Texas Politics

Why Tarrant County’s newest senator is getting high marks from her colleagues

Beverly Powell, reacting to the news she won the Texas Senate District 10 race in November, has gotten high marks from her colleagues in Austin.
Beverly Powell, reacting to the news she won the Texas Senate District 10 race in November, has gotten high marks from her colleagues in Austin.

It’s Day 37 into her new career as a state senator from Tarrant County and Beverly Powell is midway through a typically packed day.

The schedule includes a 65-minute-long session in the Senate chamber and a meeting in Gov. Greg Abbott’s office to discuss his flagship proposal to cap property taxes. There are also meetings with business leaders and a group of ophthalmologists from Tarrant County.

On this particular day in mid-February, Powell’s office was still a work in progress. “We’ve gotten stuff sitting around that we haven’t hung on the walls,” she said. “We’ve decided that hanging pictures is not our priority right now.”

The Burleson real estate developer and former school board president began outlining just what those priorities are well over a year ago when she entered the District 10 Senate race. Now, after more than six weeks in office, the Democratic senator says she is working ambitiously to fulfill them.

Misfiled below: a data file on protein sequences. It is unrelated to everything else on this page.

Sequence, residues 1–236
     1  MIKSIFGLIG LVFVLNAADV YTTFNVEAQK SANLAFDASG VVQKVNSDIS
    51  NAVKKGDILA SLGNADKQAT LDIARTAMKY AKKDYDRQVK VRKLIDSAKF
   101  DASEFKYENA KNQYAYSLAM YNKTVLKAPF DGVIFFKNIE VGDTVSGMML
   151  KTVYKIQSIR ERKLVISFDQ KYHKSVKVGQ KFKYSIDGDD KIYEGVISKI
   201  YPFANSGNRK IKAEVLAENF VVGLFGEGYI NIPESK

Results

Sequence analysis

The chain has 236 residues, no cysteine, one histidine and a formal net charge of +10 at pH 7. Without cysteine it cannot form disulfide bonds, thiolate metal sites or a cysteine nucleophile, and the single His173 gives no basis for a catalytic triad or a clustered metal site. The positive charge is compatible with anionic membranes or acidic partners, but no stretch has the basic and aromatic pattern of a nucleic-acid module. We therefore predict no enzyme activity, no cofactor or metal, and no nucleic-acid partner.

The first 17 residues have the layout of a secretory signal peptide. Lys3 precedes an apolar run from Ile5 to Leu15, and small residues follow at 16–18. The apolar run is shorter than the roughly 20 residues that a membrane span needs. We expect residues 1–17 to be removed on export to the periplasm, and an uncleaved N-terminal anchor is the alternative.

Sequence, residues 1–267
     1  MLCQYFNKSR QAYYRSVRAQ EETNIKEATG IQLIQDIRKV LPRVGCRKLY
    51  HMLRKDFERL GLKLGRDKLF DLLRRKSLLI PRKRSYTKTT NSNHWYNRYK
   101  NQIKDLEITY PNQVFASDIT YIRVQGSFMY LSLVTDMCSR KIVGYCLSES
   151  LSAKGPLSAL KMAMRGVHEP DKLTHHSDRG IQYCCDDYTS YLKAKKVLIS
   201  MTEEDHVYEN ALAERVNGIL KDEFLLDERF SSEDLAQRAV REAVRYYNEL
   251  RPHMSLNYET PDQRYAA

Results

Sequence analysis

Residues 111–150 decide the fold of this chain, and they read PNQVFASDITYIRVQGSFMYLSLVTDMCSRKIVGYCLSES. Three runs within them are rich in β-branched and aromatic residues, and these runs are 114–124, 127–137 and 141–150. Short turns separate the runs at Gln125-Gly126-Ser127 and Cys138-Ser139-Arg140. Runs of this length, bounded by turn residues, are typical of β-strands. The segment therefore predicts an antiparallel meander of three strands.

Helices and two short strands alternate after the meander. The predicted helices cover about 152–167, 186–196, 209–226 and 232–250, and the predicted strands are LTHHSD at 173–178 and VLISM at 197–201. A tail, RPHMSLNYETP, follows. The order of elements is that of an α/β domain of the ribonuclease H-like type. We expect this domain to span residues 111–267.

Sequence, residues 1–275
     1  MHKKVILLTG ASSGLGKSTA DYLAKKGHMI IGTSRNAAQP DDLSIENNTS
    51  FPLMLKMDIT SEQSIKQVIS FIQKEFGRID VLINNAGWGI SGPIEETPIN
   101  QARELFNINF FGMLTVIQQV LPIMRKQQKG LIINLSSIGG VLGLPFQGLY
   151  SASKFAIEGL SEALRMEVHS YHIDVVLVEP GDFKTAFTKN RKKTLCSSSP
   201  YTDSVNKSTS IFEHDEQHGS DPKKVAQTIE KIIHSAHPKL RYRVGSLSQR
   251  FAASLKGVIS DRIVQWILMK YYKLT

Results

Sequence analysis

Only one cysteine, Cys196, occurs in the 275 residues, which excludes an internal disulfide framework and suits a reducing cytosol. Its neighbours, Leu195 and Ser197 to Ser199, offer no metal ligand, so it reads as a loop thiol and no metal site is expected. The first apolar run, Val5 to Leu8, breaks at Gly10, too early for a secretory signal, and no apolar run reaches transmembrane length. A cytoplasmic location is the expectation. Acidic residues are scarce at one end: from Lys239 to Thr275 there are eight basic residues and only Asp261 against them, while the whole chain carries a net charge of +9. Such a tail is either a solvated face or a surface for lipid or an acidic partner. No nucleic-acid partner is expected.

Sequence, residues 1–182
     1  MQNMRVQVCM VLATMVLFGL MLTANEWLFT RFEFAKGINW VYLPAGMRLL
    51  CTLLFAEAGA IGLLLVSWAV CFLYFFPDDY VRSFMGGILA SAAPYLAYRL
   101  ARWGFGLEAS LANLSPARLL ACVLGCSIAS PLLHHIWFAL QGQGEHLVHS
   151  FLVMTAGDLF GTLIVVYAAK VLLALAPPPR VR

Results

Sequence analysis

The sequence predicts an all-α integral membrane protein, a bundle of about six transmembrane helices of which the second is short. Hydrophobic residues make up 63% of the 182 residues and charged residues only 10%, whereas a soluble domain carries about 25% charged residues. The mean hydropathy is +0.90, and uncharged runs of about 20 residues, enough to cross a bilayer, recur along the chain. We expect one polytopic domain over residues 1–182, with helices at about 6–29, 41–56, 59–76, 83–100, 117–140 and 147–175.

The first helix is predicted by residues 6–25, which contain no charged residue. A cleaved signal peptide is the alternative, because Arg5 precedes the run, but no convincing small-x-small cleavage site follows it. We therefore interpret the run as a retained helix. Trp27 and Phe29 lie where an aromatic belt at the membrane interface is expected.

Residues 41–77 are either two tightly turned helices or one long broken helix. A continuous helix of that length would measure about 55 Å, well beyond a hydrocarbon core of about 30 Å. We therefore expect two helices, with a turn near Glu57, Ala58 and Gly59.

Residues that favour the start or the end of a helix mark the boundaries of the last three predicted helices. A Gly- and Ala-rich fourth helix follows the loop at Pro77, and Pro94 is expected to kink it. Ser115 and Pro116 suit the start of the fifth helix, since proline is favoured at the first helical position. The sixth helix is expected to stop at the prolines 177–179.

Education — particularly fixing the state’s broken school finance system — tops the list, along with health care. She is also a strong advocate for economic development and workforce training and a fierce defender of “local control” — short-hand for protecting local and county governments from overreach and unfunded mandates by the state.

“We’re staying vigilant and focused on what we think is important to Tarrant County,” Powell said in a recent interview in her office. “Just like every other senator is focused on what they think is important to their districts.”

The 67-year-old Senate freshman has earned high marks from members of both parties for doing her homework, displaying a robust work ethic and being informed on the issues. “I’m getting to know her and she works hard,” said Sen. Jane Nelson, R-Flower Mound, who represents part of Tarrant County and chairs the Senate Finance Committee.